Changes in workforce mean safety must remain a focus
By Jamie Hall
We often hear that for every challenge or problem that arises, there is also an opportunity to be found. For employers in the manufacturing sector, which is currently experiencing a rise in overall injury claim numbers, there are ways to help slow the tide of injuries and turn the situation around.
But first, it’s important to understand the numbers – and the effect of COVID-19 on these numbers. Including COVID claims, there were 1,219 time-loss claims (those that result in an employee being away from work) across all sectors in December 2021, according to data from the Workers Compensation Board of Manitoba (WCB). This number was essentially the same as the five-year high set last year at 1,225. There were 379 COVID time-loss claims in December 2020 compared to 67 in December 2021. If COVID claims are excluded, the December 2021 time-loss claim number would not have reached a five-year high, but the claim level was still very high at 1,152 claims, or 21 per cent higher than the five-year average.
Although the manufacturing sector was one of the sectors experiencing a five-year high in time-loss injuries for the month of December, it was not alone in experiencing more injuries. Injury numbers in the healthcare, trade, and construction sectors are also at or close to five-year highs. On the monthly time-loss claims chart, the trend is strong in recent months, with injuries in several months higher than the five-year average.
Breaking it down
Looking at sub-sectors in manufacturing, 13 of 16 sub-sectors had an increase in time-loss claims in 2021 compared to 2020. The largest increases were in heavy metal working, meat processing, wood and millwork, and food and beverage processing. Aircraft manufacturing and repair, clothing/textile manufacturing, and construction manufacturing were the only three sub-sectors with fewer claims.
Behind the trend
The pandemic resulted in significant fluctuations in manufacturing payroll. The current 2021 payroll estimate is a six per cent increase over 2020, one of the largest increases in the past 20 years. This may help explain the increase in manufacturing injury claims. A shortage of skilled labour in manufacturing is likely another factor behind the growing number of injury claims. Over the past five years, the average years of service of injured workers in the manufacturing sector has decreased.
Turning the numbers around
Made Safe, an industry-based safety program in Manitoba, provides safety and health services designed for the needs of the manufacturing environment. In partnership with SAFE Work Manitoba, Made Safe makes it easier for employers and workers to ensure workplaces are safe and productive. Since its inception in 2016, Made Safe has provided industry-specific safety and health training for workers and assistance to employers in developing safety programs and services for their workplaces.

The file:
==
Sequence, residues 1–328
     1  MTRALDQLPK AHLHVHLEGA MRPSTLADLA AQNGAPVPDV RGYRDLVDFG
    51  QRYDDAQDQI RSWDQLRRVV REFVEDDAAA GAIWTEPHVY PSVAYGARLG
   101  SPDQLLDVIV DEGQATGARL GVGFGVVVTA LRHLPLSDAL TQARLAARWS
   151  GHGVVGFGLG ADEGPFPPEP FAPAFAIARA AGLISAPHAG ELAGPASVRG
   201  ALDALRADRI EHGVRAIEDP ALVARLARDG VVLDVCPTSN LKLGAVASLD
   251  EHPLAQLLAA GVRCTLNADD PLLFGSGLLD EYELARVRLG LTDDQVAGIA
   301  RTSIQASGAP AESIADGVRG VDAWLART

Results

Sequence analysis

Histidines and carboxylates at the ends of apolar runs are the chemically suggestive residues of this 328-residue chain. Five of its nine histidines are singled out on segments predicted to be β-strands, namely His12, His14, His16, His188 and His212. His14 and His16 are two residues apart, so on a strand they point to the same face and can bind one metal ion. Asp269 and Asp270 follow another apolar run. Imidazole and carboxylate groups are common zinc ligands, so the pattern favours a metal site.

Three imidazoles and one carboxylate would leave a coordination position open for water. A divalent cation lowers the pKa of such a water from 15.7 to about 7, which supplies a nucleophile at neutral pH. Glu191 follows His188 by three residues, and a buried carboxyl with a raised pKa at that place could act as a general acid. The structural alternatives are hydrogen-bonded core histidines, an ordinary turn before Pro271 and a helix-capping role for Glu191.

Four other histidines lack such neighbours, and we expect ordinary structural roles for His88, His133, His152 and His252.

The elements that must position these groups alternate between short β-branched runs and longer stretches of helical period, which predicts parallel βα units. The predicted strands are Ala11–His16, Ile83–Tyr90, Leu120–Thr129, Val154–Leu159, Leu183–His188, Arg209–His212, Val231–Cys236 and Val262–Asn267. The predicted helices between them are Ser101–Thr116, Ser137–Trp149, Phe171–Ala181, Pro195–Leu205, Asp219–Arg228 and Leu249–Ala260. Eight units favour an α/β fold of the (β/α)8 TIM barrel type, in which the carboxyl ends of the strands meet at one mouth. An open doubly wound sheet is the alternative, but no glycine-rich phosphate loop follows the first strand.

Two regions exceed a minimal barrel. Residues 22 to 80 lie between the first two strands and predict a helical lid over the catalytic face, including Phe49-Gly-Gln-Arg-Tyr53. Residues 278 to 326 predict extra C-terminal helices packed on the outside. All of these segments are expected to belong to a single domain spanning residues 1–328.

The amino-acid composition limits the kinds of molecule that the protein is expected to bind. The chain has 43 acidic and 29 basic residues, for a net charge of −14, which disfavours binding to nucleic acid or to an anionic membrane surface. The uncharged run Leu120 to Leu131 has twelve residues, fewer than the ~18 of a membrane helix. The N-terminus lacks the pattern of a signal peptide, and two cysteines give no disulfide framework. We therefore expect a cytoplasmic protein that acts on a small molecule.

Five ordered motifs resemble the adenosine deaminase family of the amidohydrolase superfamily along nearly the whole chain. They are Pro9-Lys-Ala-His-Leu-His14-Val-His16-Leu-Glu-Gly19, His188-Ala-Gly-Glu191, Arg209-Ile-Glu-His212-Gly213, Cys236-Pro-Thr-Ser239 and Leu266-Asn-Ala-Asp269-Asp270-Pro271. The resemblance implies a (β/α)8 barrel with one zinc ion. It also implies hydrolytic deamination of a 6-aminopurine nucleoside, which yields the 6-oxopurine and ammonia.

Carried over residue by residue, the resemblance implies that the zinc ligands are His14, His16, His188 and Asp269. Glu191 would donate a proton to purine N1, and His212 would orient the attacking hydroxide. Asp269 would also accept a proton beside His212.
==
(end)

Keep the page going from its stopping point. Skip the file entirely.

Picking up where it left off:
With Made Safe, employers can look forward to:
• access to an extensive range of member services, including more than 30 training courses
• fewer time-loss injuries and days lost from work
• 15 per cent rebate on WCB fees upon becoming SAFE Work Certified
• Lower WCB costs for everyone as a result of a safer industry.
Earning safety certification is another way for employers to reduce injury numbers. SAFE Work Certified is Manitoba’s safety and health certification standard that helps make workplaces safer and provides a financial reward to employers that prevent workplace injuries and illnesses. Employers who receive certification have lower WCB premiums over time and improved employee engagement. They can also be confident in meeting legal safety requirements. Employers that achieve SAFE Work Certified can qualify to receive a rebate of 15 per cent on their WCB premium, while smaller employers will receive up to a maximum of $3,000.
If you need help decreasing injuries in your workplace, I encourage you to contact Made Safe at madesafe.ca or 204.949.1454 and reach out to SAFE Work Manitoba by calling 204.957.SAFE (7233) or 1.855.957.SAFE (7233), or by emailing firstname.lastname@example.org.
Jamie Hall is the Chief Operating Officer of SAFE Work Manitoba. He is part of a team of people who are passionate about changing the landscape of safety in order to realize significant improvements in safety performance in Manitoba.